There’s a caricature of a hermit that used to appear in old cartoons: a beard grown so long it becomes the man’s clothing. He was crazy and lived alone in the wilds. Luis Buñuel, one of my favorite directors, captures the life of a religious hermit in his film Simon of the Desert, using his typically surrealist technique to show how, well, bizarre the life of an early Christian hermit could be. Of course, the devil appears by in the form of a beautiful woman to taunt and tempt him, until they end up back in civilization, 1965 no less, at a club with a surf-rock band jamming as hipsters dance.
I love that so much, but I digress. Behind me, Satan! Back to words.
We don’t hear the word “hermit” much these days, as “shut-in” and “recluse” seem more apt for those in urban settings. To some degree, however, we are all hermits during this pandemic, which could, as an Atlantic Monthly piece explains, spark interest in a short film about Christopher Knight, the hermit of North Pond, Maine. He fared better than Simon, though he too re-entered our world when arrested after a string of burglaries for food and propane. He managed for 27 years that way in the Maine woods.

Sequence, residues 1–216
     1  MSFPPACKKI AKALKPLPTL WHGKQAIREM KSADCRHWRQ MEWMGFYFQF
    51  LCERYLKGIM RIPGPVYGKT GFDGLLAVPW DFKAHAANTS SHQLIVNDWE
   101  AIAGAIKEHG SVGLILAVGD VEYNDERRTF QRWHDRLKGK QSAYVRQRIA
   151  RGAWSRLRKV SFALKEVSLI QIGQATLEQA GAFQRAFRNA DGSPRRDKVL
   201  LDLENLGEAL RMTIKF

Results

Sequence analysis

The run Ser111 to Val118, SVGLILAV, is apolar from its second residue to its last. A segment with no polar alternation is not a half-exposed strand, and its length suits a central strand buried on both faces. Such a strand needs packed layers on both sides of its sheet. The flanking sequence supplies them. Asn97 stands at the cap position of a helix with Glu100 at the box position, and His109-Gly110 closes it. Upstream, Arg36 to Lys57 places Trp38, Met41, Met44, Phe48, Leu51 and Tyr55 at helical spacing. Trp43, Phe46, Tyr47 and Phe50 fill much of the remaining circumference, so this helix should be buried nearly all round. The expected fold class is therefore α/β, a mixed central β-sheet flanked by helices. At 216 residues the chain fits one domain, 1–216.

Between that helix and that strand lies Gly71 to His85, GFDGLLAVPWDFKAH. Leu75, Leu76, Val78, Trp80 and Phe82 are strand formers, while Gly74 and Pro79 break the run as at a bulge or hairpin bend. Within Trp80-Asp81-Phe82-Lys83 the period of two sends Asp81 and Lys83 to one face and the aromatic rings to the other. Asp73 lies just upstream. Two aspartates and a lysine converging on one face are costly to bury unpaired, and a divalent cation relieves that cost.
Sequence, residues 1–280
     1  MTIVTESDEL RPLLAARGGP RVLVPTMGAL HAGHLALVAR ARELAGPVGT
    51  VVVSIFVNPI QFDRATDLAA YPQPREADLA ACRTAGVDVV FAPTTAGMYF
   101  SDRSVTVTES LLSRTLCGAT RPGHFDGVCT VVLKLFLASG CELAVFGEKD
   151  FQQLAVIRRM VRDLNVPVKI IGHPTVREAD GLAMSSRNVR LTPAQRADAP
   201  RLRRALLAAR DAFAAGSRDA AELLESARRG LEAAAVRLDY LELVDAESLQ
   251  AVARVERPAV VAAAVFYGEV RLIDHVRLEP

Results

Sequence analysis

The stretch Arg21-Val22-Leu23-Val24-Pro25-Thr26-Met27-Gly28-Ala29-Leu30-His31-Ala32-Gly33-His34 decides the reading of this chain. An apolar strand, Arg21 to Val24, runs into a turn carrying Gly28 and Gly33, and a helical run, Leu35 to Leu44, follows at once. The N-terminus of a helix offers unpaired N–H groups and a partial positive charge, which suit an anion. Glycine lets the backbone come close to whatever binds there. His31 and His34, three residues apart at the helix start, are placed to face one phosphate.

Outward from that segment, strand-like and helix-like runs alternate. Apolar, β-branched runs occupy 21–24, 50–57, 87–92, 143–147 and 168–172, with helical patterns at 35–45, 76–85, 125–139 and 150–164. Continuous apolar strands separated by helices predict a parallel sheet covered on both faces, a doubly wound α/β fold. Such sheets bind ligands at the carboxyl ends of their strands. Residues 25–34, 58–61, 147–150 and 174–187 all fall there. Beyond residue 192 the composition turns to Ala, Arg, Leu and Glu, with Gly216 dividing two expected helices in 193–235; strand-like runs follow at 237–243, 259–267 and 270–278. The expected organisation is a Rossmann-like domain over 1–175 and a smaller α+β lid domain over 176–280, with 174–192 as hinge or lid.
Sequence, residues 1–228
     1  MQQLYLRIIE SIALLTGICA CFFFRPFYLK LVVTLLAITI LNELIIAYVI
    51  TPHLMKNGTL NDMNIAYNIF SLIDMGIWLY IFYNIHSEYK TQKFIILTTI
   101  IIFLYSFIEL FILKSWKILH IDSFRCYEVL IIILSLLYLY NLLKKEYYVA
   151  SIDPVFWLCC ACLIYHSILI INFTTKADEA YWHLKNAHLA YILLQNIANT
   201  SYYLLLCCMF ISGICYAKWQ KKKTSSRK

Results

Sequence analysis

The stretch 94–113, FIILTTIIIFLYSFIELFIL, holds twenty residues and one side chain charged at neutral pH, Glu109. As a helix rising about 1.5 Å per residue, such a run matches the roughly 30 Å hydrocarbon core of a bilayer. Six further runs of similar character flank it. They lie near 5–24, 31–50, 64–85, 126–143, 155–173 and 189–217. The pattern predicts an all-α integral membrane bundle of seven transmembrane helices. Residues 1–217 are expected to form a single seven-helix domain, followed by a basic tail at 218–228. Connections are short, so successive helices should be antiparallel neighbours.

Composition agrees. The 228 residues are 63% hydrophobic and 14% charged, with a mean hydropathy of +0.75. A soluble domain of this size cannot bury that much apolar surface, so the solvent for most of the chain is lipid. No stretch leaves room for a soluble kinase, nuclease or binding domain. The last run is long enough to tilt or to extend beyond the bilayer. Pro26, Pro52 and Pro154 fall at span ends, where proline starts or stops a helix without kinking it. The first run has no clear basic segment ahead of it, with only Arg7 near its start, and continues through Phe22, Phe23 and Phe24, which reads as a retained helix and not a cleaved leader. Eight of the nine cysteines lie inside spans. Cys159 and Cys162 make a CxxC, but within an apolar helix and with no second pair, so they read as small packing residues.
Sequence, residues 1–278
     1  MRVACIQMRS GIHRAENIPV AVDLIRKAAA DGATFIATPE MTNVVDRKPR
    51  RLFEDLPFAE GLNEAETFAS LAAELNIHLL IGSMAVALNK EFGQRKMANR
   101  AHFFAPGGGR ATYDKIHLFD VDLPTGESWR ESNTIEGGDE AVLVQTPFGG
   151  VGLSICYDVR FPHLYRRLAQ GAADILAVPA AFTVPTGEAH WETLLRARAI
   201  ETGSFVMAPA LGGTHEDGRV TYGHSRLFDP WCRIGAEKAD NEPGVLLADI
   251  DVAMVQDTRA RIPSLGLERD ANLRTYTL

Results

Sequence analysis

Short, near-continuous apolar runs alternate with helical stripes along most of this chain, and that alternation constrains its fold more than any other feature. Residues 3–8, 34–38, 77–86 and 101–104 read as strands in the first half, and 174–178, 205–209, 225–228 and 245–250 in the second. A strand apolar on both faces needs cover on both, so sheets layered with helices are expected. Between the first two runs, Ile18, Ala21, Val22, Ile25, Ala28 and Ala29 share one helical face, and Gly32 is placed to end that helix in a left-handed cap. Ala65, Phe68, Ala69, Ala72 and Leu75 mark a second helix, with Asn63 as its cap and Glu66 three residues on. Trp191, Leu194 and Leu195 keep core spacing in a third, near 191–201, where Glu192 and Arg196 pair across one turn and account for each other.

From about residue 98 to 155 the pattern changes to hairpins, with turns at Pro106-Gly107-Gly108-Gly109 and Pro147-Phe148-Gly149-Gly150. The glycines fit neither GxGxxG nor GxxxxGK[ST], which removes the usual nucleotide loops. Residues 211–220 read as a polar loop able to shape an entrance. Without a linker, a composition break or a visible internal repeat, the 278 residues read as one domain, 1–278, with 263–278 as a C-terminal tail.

Though Knight may be our last known hermit, the term itself has a great deal of endurance. Originally, as the OED entry explains, the word stretches back to the Dark Ages, with Medieval Latin and an earlier Greek term as sources. The “H” appeared later, with earlier instances as “ermite” and similar. By the time of Piers Ploughman, the “H” appeared; not long after, the “e” at the end vanished. Variant spellings came down almost to modern times; Shakespeare has the word as “Hermight,” “Hermit,” and “Ermite” in different plays! In fact, looking over the OED entries demonstrates how powerfully English has evolved. Or how little we cared for spelling then. You choose.
Yet hermits remain the same. They continue to appeal to some of us, repel others. Solitude can be good medicine, but too much of it? That’s one reason why Knight’s story continues to interest readers, viewers, and his former, involuntary neighbors.
image courtesy of The Institute for Contemporary Arts.